First pub. in: Вестник томского университета. № 4 (36) 2016. С. 404-409.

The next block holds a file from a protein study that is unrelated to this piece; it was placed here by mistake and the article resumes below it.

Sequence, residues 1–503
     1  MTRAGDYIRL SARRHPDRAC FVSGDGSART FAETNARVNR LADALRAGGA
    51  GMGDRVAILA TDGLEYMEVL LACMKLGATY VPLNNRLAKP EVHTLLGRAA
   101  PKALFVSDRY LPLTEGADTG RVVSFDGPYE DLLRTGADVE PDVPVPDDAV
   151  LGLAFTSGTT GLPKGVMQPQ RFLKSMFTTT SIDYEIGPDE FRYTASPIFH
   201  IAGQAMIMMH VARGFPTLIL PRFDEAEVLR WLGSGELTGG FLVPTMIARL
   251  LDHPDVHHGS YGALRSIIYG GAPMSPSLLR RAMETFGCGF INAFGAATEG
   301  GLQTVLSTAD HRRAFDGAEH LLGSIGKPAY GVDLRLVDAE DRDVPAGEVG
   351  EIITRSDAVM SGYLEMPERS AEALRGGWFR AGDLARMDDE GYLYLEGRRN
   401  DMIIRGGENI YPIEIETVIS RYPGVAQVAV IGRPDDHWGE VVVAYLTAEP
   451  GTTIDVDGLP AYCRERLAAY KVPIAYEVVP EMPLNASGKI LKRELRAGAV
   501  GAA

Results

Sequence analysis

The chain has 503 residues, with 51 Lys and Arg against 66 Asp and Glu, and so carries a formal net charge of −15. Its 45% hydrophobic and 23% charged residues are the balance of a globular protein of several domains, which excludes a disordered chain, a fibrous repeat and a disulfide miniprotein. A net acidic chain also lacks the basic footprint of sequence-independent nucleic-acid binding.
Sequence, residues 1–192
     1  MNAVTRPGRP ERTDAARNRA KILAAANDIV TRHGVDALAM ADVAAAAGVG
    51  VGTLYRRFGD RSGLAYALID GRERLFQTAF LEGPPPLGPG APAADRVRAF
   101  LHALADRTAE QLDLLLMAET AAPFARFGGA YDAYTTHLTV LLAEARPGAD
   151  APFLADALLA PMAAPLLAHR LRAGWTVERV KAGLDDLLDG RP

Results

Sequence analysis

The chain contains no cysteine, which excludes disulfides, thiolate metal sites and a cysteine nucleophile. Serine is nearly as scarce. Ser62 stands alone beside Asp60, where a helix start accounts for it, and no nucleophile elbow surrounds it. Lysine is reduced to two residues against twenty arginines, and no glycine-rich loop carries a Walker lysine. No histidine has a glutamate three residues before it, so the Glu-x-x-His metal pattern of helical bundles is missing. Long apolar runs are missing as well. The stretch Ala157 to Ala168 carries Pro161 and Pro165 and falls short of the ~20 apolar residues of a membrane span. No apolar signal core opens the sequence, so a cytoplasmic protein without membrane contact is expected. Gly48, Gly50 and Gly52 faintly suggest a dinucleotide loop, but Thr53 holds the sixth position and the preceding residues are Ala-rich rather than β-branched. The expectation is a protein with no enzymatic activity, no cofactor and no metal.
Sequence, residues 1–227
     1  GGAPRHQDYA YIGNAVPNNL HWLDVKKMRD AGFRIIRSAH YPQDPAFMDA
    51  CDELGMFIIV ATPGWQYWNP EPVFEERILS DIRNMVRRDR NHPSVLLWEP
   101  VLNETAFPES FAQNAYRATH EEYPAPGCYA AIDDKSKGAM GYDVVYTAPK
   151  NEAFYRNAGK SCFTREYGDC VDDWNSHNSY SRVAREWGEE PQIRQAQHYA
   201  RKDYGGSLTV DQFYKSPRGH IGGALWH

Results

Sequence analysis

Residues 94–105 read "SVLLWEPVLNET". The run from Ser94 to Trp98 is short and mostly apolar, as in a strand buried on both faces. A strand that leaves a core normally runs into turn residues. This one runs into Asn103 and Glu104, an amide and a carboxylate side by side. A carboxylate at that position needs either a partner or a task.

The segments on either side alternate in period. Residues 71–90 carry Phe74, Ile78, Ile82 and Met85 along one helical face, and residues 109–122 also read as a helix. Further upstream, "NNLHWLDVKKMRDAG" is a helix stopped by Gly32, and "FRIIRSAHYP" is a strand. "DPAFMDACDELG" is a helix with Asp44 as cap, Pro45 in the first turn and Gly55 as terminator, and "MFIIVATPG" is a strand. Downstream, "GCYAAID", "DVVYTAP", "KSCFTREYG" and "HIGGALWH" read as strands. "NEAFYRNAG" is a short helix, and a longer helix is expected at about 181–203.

The problem of free will and moral responsibility is a traditional problem for the philosophical investigations. So the contemporary analytical philosophy continues the project that has been started a few hundred years ago. However in the past several decades there has been progress made in this area. Philosophers like R. Kane, J. Fischer, H. Frankfurt, D. Dennett and D. Pereboom made significant contributions to clarify the issues and drafts the possible solutions. In this paper I provide a review of D. Perebooms recent book on free will – Free will, agency and the meaning of life (2014). The first part of the book is devoted to the proof of the Incompatibilism between causal determinism (and indeterminism) and responsibility. Pereboom rejects the necessity of the alternative possibilities as a necessary component for the free will and moral responsibility. However he insists on incompatibilism on other grounds. The main argument for Incompatibilism is Pereboom’s original Four Case Manipulation Argument. According to the author the argument shows that there is no relevant difference between the cases when the agent is being manipulated and the cases where the behavior of the agent is being determined by the events in the past and the laws of nature. The second part of the book is Pereboom’s defense of optimistic skepticism. The author argues that even without moral responsibility in the basic desert sense, the human life doesn’t lose meaning and the interpersonal relations don’t lose its value. In this paper I disagree with the main argument of D. Pereboom. I suggest his description of the four cases is missing important details. Most readers make a judgment about the absence of responsibility in the described cases not because there is manipulation but because there it is unclear if the agent there indeed is a person and what kind of person he is. If we fill in the important details and describe the agent in such a way that his character is being revealed the audience will likely to judge him to be morally responsible for his behavior. I try to prove my point by describing an alternative scenario to the first case of Pereboom’s argument.